How Ordain Women sees things is this:  for decades Mormon feminists have been asking for the low-hanging fruit.  And they've been punished and excommunicated and marginalized for publicly advocating for things like: women praying in general conference.  So Mormon feminists can continue to just talk amongst each other -- but nothing will ever change until women are actually in a position to enact the changes.  They also reason that the MoFem community is alive and well on the internets, but if all we do is just talk on the internets nothing will happen - the Church has shown that they can easily ignore and let them have a community where the complain and explain and listen to others mansplain (ha!) and not really acknowledge their existence.  But the internet created tools of advocacy too, in the case of petitioning the Church for an official policy on menstruating women and Baptisms for the Dead (policies were all over the place and haphazardly enforced to the detriment of many women) or to the action of "Let Women Pray."  (How Social Media Revitalized and Enlarged a Movement,  Because of the historical precedent established between Mormon feminists and the church organization, Ordain Women strongly believes ordination is the only answer to solving many issues.  What they see is the Church becoming more like Zion.  They sincerely have this belief that it is the only way to move forward, I do not agree with them.  The public affairs letter referred to their end goal as non-negotiable, I think the Church would be surprised how many OW would go along with an alternate solution revealed from God.  And I disagree with the Public Affairs letter that since they have a certain opinion on the way forward, that their voice is damaging to the discussion (and shouldn't be listened to).  ALL voices should be a part of the discussion, yes even these OW ladies. 


Kate Kelly is the founder of Ordain Women, and I have found her to be a little rough around the edges.  I have seen her easily dismiss opposing opinions and not conduct herself in a . . . well, a way that we teach our women they should act, she's a bit brassy :-)   If I think about it I'm not surprised, a woman with enough chutzpah to start this thing has got to be filled with so much passion and determination and fearlessness that she's probably the only type of woman who could have done such a thing.  Kelly is a human rights lawyer, and she observed that when working towards rights that in Africa, action received a response.  When women had a peaceful protest and quietly asked for a right which they were due -- they ended up being handcuffed and dragged away.  But the thing that began changing minds is that the men having to drag these women away were now their friends, neighbors, and family members looking them in the eyes and seeing their pain: and they could no longer ignore those feelings, they had to be addressed.  So Kate comes from a political activist background which I believe frames what she does and the words she uses (ie Equality, more on that later).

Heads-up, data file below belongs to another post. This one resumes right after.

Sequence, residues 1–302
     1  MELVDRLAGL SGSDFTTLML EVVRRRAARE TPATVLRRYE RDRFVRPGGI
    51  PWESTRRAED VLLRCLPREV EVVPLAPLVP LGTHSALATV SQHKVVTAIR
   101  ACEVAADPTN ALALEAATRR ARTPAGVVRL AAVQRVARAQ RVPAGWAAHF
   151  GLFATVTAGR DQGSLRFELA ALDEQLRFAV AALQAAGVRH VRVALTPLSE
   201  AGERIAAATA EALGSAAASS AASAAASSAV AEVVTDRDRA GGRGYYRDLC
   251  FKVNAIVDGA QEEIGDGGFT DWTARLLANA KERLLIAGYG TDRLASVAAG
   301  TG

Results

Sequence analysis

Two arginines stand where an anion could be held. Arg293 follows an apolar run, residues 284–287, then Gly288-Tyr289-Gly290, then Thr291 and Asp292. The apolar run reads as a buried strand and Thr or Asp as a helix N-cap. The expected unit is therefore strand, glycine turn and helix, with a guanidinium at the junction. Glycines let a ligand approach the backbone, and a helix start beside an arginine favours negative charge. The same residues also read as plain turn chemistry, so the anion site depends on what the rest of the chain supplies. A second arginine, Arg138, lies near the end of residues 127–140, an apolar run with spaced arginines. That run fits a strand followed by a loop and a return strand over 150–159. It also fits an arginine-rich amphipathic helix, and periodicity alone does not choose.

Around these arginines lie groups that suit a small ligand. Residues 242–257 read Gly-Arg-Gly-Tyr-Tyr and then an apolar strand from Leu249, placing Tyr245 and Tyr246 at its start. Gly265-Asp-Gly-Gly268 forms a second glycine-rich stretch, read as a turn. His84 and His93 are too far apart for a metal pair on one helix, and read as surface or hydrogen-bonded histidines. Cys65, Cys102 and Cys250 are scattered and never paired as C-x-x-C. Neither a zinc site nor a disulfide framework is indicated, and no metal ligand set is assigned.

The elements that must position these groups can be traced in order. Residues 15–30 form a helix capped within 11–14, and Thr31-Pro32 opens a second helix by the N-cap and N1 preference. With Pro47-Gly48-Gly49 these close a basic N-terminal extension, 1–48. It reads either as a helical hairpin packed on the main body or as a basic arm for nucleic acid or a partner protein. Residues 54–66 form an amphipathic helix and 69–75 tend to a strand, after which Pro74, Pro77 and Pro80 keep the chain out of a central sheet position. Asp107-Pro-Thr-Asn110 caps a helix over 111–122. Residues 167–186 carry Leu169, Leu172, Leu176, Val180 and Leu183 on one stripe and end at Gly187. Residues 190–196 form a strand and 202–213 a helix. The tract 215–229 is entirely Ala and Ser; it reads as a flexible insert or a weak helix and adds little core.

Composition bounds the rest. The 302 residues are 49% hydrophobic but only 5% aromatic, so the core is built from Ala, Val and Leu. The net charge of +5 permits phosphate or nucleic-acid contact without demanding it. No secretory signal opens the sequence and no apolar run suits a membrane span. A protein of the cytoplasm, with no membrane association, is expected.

There are many members of the Church who support women's ordination (many, many of them male) who are not members of OW.  They don't agree with how she does things either or how she responds to their suggestions or correction or criticism.   Most people who are in this camp also disagree with the actions the group takes.  For example, the peaceful "action" being held during Priesthood Meeting is a point of a lot disagreement.  I do not believe it is the best foot forward, but I can empathize with them and their pain -- and I do see OW as a group that needs to be included in conversations about women's issues.